Mark Kac (pronounced “cots”, 1914–1985) was a pioneer in the development of the modern theory of probability.^{1} He was a star among the constellation of great Polish mathematicians who emerged in the early part of the twentieth century.^{2} Kac’s first language was Russian, since he was born in an area then under the control of the Russian Empire. As a child he learned to speak Hebrew, the language of instruction at his primary school (his father was the principal), and French. He was eleven before he learned Polish, which was required by his new school, the Krzemieniec Lyceum of his home town. Intending to study engineering at Jan Kazimierz University (Lwów), he was diverted into mathematics by the events related below, and he earned a doctorate (1937) there under Hugo Steinhaus (a student of D. Hilbert’s, 1911). Thanks to a postgraduate scholarship at Johns Hopkins awarded in December 1938, Kac acquired his fifth language, English, and escaped the Nazis’ murder of his immediate family among the other Jewish citizens of Krzemieniec. His career was spent almost entirely in the United States: Hopkins, Cornell, war work at the Radiation Lab of MIT, Rockefeller University, and finally the University of Southern California. He pioneered the application of probability measures to topics in unexpected areas: number theory with P. Erdös [Erdös and Kac 1940]; the physics of ideal gases with G. Uhlenbeck and P. Hemmer [Kac, Uhlenbeck, and Hemmer 1963], and, closely related to work by R. Feynman, the “Feynman-Kac formula” [Kac 1949] within quantum theory (in particular, quantum field theory).^{3}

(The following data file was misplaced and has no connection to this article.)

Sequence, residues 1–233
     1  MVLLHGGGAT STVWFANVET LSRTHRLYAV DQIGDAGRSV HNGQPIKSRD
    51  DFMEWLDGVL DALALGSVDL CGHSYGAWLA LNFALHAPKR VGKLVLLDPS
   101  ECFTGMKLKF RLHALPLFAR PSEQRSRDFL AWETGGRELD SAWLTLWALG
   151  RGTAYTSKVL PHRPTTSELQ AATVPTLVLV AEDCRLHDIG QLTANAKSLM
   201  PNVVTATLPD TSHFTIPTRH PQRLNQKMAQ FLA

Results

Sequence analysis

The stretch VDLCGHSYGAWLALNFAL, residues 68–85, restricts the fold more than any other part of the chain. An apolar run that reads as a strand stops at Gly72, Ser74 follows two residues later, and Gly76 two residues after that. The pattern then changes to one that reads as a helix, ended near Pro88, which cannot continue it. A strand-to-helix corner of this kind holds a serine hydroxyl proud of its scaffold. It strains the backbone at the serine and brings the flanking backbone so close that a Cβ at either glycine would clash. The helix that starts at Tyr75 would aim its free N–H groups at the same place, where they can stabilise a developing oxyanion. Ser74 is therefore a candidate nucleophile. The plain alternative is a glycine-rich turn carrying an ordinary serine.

**Figure 1. **Photograph of Mark Kac taken by Paul R. Halmos in 1962.

Who's That Mathematician? Images from the Paul R. Halmos Photograph Collection, page 26.